In short, somewhere I read this simple definition of the talent: “it is whatever the Lord gives us now and will ask us about later.” (FD Bruner, Matthew Commentary, vol. 2, on ch. 25) Think about that. We all receive talents from our Master. Which ones has He given you that He’ll be asking about later?

    A third thing about the talents is that they are signs of grace. When the master gave the talents to the servants they were lavish, even the smallest one. His love is displayed in his generosity.

    Granted, we might read this passage and think, “Okay, so he gave 5 talents to one servant, 2 to another and only 1 to the third. He must not have loved that third man as much. Well, just a minute. The value of the talent Jesus refers to is not something to sneeze at. It’s around a lifetime of wages for an average worker. A talent was the largest unit of Greek money. One denarius was about one day’s wages (Mt. 20:2). And there were 10,000 denarii in one talent. And that’s about 35 years of wages for one man!

    So in some way the gift of the talents begins with showing us that Jesus’ gifts to us are lavish. He’s not cheap. These talent-gifts show us that our Lord is most gracious. The greatness of God’s grace and mercy to each Christian is beyond anything we could realistically ever expect to receive.

    The talents our Lord provides to us are gift that He has determined we can handle, according to our ability says v.15, and if we use them properly they will be a blessing to us and to others as well as to God.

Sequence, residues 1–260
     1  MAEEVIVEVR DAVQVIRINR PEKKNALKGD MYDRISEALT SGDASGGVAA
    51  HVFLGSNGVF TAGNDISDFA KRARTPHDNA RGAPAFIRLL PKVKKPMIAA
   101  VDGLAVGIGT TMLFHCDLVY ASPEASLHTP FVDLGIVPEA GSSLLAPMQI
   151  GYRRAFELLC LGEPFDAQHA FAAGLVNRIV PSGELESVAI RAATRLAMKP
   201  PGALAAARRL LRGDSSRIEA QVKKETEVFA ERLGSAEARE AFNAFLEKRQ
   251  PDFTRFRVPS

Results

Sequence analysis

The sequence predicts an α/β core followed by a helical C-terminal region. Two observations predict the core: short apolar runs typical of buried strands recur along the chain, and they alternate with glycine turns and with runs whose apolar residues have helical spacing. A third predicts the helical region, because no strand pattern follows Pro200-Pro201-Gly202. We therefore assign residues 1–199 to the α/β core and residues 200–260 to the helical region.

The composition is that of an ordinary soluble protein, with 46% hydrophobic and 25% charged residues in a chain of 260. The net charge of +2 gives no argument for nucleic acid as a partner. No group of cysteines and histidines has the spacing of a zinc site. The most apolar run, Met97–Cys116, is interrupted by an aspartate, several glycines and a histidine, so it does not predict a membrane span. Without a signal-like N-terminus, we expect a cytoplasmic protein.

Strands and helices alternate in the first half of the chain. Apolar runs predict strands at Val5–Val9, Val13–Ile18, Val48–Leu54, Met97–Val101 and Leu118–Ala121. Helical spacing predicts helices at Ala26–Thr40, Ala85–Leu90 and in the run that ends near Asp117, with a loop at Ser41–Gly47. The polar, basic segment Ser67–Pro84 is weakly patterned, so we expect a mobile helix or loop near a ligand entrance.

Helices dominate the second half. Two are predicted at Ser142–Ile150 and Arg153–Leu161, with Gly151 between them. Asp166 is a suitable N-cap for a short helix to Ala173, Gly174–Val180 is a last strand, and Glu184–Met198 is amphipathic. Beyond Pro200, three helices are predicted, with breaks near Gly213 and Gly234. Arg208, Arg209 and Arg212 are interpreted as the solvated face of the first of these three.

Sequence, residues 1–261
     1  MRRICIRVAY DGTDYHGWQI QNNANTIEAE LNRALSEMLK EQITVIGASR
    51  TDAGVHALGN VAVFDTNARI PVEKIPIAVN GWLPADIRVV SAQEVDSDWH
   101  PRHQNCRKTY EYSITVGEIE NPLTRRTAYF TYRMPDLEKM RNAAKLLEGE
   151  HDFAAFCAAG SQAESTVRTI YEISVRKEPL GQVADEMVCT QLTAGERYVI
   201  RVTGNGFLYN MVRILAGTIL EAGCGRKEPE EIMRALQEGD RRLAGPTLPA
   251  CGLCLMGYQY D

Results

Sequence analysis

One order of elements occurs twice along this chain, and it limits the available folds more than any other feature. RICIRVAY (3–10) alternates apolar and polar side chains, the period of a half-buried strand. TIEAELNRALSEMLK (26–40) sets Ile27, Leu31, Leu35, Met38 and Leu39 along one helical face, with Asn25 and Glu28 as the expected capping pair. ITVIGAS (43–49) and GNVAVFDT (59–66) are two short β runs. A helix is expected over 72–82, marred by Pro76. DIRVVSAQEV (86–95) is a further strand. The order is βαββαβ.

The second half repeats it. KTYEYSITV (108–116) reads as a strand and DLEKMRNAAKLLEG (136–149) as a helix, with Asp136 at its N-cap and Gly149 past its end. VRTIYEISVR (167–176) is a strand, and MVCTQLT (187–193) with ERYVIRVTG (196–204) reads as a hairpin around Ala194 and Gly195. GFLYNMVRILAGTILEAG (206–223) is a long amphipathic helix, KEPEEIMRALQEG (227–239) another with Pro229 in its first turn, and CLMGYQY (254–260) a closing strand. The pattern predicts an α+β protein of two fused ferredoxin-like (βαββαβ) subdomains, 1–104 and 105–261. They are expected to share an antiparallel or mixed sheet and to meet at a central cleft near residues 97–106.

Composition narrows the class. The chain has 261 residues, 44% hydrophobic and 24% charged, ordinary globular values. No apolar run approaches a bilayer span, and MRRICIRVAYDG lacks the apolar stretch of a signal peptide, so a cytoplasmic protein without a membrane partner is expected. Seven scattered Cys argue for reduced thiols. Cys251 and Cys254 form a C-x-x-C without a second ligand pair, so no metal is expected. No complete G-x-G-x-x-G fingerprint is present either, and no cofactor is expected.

II. The Response

    So now let’s move on to the response of the servants to the talents they receive. Suppose for a moment that you are one of those servants, even the third one. What would you do if someone gave you—entrusted you with—35 years worth of your wages? If someone comes up to you and says, “My dear friend, here’s 1.5 million dollars for you to invest while I’m gone.” what would you do? That’s 35 years’ pay at around $40,000 per year. That’s the rough 21st century Canadian equivalent of one talent.

    Dear friends, whatever Jesus has given you is given for a purpose. And one day He’s coming back to check on what we’ve done with what He’s given us.

    The first two servants respond to the master in the same way. They accept what he gives them. They don’t do any comparing. There’s no hint of jealousy or greed. There’s simply a happy acknowledgement of the master’s talents followed by putting those talents to work in order to grow them. Verses 16 and 17 read, Mt 25:16 The man who had received the five talents went at once and put his money to work and gained five more. 17 So also, the one with the two talents gained two more.

    Note the eagerness of these servants. Our NIV says, they “went at once” and put the money to work. Another translation is “immediately.” There’s excitement in their action. “The servant is so thrilled to have been entrusted with the master’s gift” that he wastes no time. He immediately throws himself into using what he’s been given. (FD Bruner, Matthew Commentary, vol. 2, p.534)